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You represent our future - Crouch

- By Schalk Mouton

"Take a look at the person next you. You might be looking at the next Nobel Prize winner.”  That was a powerful message from Professor Andrew Crouch, Deputy Vice-Chancellor: Academic who spoke at a Faculty of Commerce, Law and Management graduation ceremony at Wits University on Tuesday, 31 March 2015.

Crouch told the graduates that as Wits alumni, they join a "bunch of luminaries" including Nobel Prize winners, politicians and businessmen.  Former President Nelson Mandela, Naspers CEO Koos Bekker, mining magnate Patrice Motsepe, Discovery CEO Adrian Gore, Comrades legend Bruce Fordyce and Nobel Laureate Nadine Gordimer all attended Wits.

The university is one of the top 100 universities world-wide from which Fortune 500 CEOs graduate.

He said graduating from a university in South Africa is not only a huge privilege, but graduates also carry a responsibility as they represent the hopes of their families, their communities and their country.

"You are the future… You must believe in yourself and in your own greatness, and never be afraid of what you are capable of," he said.

Crouch, who presided over the ceremony also delivered an address to the Bachelor of Accounting Science, Bachelor of Commerce and Bachelor of Economic Science graduates.

"You represent our future. You represent what is noble. You are a hope, not only to yourselves, but to your parents, families, and, possibly your village," he said.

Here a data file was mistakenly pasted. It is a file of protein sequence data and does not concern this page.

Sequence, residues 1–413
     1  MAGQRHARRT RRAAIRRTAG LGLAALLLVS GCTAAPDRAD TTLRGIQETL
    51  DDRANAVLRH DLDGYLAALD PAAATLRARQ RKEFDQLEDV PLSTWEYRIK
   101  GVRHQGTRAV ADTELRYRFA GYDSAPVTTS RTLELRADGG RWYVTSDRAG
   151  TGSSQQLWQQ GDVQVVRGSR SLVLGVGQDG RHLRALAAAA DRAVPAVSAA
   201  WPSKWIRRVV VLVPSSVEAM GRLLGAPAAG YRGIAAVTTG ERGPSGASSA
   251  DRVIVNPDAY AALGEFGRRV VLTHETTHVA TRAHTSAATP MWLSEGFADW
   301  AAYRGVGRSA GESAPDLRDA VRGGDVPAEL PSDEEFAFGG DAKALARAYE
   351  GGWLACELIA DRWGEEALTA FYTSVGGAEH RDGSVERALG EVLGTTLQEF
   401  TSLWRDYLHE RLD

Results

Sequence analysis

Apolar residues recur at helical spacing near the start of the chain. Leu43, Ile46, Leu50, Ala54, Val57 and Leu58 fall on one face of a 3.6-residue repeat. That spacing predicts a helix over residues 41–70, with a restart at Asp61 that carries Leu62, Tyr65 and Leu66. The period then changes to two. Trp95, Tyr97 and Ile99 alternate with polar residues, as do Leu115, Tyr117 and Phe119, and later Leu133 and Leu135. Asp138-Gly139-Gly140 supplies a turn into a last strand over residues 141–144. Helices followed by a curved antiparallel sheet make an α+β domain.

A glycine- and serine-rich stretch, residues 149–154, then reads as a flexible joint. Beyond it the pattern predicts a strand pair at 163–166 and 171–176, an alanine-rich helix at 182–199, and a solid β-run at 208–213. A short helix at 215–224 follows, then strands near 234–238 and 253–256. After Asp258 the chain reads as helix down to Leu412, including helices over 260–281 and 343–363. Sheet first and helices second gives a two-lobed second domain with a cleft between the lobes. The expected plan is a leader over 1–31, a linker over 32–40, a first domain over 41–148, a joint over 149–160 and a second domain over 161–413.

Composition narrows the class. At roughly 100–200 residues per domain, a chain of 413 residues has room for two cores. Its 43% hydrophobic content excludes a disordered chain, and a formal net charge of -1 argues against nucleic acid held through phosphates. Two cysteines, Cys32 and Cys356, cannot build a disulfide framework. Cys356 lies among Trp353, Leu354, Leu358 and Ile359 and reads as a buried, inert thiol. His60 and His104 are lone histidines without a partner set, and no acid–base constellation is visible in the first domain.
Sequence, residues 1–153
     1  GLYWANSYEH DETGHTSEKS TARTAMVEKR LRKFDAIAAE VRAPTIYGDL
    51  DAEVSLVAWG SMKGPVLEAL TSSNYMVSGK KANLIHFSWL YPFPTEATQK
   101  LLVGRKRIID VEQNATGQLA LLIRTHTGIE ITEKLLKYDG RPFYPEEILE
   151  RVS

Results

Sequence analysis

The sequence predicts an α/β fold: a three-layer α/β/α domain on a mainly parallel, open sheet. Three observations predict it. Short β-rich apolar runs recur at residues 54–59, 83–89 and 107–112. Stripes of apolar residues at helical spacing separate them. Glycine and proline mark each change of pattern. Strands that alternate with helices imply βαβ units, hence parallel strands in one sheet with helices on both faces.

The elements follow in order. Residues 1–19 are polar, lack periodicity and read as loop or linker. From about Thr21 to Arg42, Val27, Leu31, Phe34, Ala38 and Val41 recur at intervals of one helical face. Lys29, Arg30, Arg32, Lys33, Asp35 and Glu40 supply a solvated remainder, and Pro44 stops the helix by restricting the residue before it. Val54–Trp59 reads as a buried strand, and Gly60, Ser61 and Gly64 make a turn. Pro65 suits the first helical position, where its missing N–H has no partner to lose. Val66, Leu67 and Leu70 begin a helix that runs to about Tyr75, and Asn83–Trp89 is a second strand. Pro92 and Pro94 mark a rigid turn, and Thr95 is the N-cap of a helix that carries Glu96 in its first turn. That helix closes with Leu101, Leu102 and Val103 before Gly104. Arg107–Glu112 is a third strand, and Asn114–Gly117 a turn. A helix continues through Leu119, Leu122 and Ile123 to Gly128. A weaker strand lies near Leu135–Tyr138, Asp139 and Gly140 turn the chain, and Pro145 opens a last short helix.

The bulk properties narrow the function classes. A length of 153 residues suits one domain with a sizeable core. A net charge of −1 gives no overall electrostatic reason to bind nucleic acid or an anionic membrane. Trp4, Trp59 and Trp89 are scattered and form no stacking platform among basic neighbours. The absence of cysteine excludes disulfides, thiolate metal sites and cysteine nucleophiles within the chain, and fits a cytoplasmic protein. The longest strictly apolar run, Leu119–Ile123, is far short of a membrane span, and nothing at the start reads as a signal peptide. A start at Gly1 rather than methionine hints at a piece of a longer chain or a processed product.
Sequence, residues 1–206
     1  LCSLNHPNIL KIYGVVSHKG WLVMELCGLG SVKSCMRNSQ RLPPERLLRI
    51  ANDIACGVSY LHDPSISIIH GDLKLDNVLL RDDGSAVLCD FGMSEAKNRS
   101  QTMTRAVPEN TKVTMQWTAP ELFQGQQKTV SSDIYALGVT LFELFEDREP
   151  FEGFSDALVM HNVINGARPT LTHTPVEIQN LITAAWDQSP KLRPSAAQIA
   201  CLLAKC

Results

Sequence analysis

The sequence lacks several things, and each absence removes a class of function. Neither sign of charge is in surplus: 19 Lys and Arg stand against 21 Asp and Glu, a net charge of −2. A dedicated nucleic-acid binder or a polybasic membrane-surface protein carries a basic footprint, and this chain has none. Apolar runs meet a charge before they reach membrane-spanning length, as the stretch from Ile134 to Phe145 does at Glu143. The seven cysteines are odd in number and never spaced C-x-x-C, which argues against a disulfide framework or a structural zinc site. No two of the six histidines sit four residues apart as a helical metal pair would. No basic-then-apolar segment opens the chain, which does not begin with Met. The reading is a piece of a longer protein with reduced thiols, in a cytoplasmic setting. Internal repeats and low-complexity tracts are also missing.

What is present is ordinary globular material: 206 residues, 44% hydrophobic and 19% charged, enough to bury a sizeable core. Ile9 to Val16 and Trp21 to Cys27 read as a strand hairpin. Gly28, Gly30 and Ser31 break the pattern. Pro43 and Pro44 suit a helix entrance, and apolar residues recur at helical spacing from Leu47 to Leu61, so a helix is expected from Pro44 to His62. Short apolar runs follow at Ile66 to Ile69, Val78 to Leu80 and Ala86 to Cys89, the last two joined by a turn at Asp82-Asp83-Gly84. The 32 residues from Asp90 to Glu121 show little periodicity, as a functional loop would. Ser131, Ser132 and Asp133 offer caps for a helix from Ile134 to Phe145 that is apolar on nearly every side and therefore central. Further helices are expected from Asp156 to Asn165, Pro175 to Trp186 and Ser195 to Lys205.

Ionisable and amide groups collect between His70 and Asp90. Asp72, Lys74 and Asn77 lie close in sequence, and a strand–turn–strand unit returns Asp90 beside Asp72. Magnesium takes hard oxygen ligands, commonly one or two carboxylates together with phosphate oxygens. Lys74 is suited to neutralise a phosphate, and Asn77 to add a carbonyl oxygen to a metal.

Taking the graduates back over their schooling careers, Crouch painted the picture of just how privileged the graduates are, and how their perseverance through tough schooling careers has paid off.

"Going back 17 years ago, roughly about one million grade one learners started school with you. By grade 12, there were only about half of those left. About 500 000 dropped out for whatever reason," he said.

Of the half a million who wrote matric, about 300 000 to 350 000 passed, and of those, only about 100 000 achieved a matric with a Bachelor's pass, which enabled them to enter a university.

"Of those 100 000 students, only about 30 000 across the nation receive their first Bachelor's degree in the minimum time allowed," he said.

"So, of the one million that started out in grade one with you, only about 30 000 of that group graduated across the nation. Think of how special you are. But also, think of those who did not make it, who dropped out for whatever reason. Some refer to them as the Lost Generation. You are the fortunate few."